This is the month of shopping for people who love plants. Fortunately, there are so many choices that no two gifts have to be alike: a pot of bulbs, a new tool, planters, live plants, grow lights, heaters and heat mats, shelving for indoors and out.
The amount spent can be from zero with a gift certificate for hours of digging and weeding to a fountain outside on the deck.
Gifts for gardeners includes items for every pocketbook and gifts from the humble to the sublime.
Washable garden gloves $5 — Ora Mae Piester, 918-683-4433, sells them for Muskogee Garden Club.
Or, become charter members of the new Oklahoma Botanical Garden, north of Tulsa. Send $35 for an individual or $50 for a family to Oklahoma Centennial Botanical Garden, 5323 W. 31st Street North, Tulsa 74127 and 728-2707.
On the higher end, a broad fork to loosen soil without using a rototiller, $160, or Johnny’s Selected Seeds, www.johnnyseeds.com and (877) 564-6697.
Seed collections: children’s garden, hummingbird and butterfly, old-fashioned fragrance, rainbow kitchen, herbs, unusual annuals, etc. Each collection of five varieties is in a decorative envelope, under $15, www.reneesgarden.com and (888) 880-7228.
Annie’s Annuals — gift certificates on sale — 15 percent off by Dec. 18 — www.anniesannuals.com and (888) 266-4370.
Gift certificates from Old House Gardens are sent on a photographed note — $40.
Owner Scott Kunst said, “Gift certificates give the gift of anticipation so gardeners can look ahead to spring in their imagination.”
Hard-to-find books such as the $10 “Spring Blooming Bulbs” or — T-shirts three for $25 and plastic bulb-planting baskets three for $13, www.oldhousegardens.com and (734) 995-1486.
Other books to please gardeners:
• “Best Garden Plants for Oklahoma” by Steve Owens, 2007, Lone Pine Publishing, $13 online, photographed beautifully with plant culture and best varieties listed.
• “Birds of Oklahoma Field Guide” by Stan Tekiela, published by Adventure Publications, $11 online.
Birds are classified by color first then shape or activity.
• “Butterflies of Oklahoma, Kansas and North Texas,” 2004, University of Oklahoma Press. Whether you are buying for a young gardener or a butterfly enthusiast, this is the reference they will want. Almost 300 pages of color photos and butterfly descriptions, habitat and food sources, $20 online.
• “Compact Guide to Oklahoma Birds,” 2007, Lone Pine Publishing. Chapters are by bird category such as water-foul, Grouse-like birds, doves and cuckoos, etc., www.lonepinepublishing.com, (800) 518-3541 — $14.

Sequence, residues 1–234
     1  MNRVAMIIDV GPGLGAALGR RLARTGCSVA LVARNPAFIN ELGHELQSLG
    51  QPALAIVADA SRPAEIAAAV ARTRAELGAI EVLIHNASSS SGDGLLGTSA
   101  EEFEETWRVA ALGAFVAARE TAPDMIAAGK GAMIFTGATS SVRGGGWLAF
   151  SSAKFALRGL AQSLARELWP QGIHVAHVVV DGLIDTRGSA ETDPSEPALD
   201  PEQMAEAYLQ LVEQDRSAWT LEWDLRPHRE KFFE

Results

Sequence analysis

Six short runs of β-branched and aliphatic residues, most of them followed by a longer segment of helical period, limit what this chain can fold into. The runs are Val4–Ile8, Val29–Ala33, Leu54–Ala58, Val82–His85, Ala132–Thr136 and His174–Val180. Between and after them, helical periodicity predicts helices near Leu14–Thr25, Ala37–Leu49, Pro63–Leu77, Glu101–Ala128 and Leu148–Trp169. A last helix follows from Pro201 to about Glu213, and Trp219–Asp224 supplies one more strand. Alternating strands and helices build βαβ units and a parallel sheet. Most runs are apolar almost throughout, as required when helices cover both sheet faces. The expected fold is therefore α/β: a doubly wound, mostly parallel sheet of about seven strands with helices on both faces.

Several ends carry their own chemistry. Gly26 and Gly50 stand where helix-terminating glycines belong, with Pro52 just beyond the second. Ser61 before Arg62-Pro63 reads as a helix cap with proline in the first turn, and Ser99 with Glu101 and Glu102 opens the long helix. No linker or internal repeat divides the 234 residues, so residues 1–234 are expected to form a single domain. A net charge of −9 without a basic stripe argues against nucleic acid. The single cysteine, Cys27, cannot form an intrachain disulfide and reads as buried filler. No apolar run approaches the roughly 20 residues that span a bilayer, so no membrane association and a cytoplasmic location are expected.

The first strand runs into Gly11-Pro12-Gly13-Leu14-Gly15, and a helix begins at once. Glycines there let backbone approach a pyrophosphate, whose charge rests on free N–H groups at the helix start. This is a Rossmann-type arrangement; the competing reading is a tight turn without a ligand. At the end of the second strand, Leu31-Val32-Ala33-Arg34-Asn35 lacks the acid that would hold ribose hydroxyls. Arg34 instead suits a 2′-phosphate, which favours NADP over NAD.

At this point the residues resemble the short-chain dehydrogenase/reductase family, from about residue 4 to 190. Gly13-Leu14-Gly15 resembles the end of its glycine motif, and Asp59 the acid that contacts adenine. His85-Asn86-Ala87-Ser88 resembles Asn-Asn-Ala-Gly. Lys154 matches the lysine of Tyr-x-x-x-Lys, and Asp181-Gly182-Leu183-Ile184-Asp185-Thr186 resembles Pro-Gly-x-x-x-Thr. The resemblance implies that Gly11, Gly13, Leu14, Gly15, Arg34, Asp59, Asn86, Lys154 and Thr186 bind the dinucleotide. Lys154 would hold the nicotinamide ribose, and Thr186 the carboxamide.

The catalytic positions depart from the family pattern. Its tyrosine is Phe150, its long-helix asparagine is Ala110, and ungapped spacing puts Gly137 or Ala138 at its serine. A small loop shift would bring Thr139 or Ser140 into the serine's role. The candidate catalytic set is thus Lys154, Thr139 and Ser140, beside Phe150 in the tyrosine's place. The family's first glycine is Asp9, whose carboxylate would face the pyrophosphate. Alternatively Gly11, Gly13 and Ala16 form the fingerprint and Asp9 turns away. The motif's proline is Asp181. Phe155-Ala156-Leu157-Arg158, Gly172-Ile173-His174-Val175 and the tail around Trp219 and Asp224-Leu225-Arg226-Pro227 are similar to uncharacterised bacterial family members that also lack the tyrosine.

• “Birds of Oklahoma,” a CD-ROM of Oklahoma birds photographed by Bill Horn, $30, Bill Horn, 15217 S.E. 71, Choctaw 73020 or http://www.birdsofoklahoma.net/BirdCDform.htm
• “Oklahoma Gardeners Guide (Revised),” $13 online and “Oklahoma Perfect Lawn,” Cool Springs Press, $1 online, by Steve Dobbs.
Avant Gardener on sale — $18 for one-year, $50 for three years if ordered by Dec. 31. Monthly newsletters, eight pages, no photos, no advertising. Summarizes what’s new for plant lovers who want to stay up-to-date. Avant Gardener, Box 489, New York, N.Y. 10028.
Circle hoe for close weeding and cultivating. Imagine a sharpened circle attached to a hand-held or rake-length wood handle that was rated best value by the Wall Street Journal’s test of ergonomic tools. Three-handle lengths range in price from $10 to $30 and all are on sale on the company’s Web site, www.circlehoe.com and (800) 735-4815.
Fiskars and other companies make dozens of ergonomic tools: Rakes and pruners that are easy on the hands, shoulders and back, gardener’s knee pads, etc. Shop at www.arthritissupplies.com/ or www.fiskars.com and (800) 500-4849.
Gardeners Supply Co. has a link called “Gifts by Price” at www.gardeners.com or (888) 833-1412.
Root-Cut Weeder is seven inches long with a hooked-blade at one end and a fork at the other end, on sale, $7, great saws, trowels and other items of interest to gardeners, www.hidatool.com and (800) 443-5512.
Ups-A-Daisy Plant Inserts — Tall planters are an advantage for gardeners who want easier access without bending and kneeling. The circular discs come in three sizes and drop down into the planter to form a shelf for a planted pot. Sale — buy three get one free, www.ups-a-daisy.com and (815) 477-1388.
Wireless outdoor speakers from www.sharperimage.com could be a welcome summertime treat, as would a portable CD player for the days of endless weeding.
A gift card from Lowe’s has dozens of applications.
The 2008 seeds for a kitchen garden . . . lettuce, spinach, radishes, onions, etc. are available at Stringer Nursery in Tulsa and Conrad Farms in Bixby.
Make a soil-sifter for cleaning soil to sprinkle on the top of seeds. Use one-fourth and one-half inch hardware cloth nailed to wood frames that fit over a dishpan or larger plastic container.
For friends who propagate: a sack of vermiculite, rooting hormone, new spray bottles, insecticide for inside use, such as Safer Soap, or measuring spoons, small cups, and larger cups for measuring out chemicals. Make a gift basket out of several small items.
Sue Gray at Oklahoma State University Extension suggested, “A tree, a pallet of mulch delivered to their doorstep, a truckload of compost delivered and spread on the garden, a massage for after spreading the mulch and or compost. And, how about a collection of OSU Fact Sheets — print them off of the Web site and categorize them into a notebook for a gardener . . . it’s low cost and really thoughtful.”
Go directly to the fact sheets http://pods.dasnr.okstate.edu/docushare/dsweb/View/Collection-389.
Plant lovers appreciate any gardening gift. With so many choices, you can’t go wrong.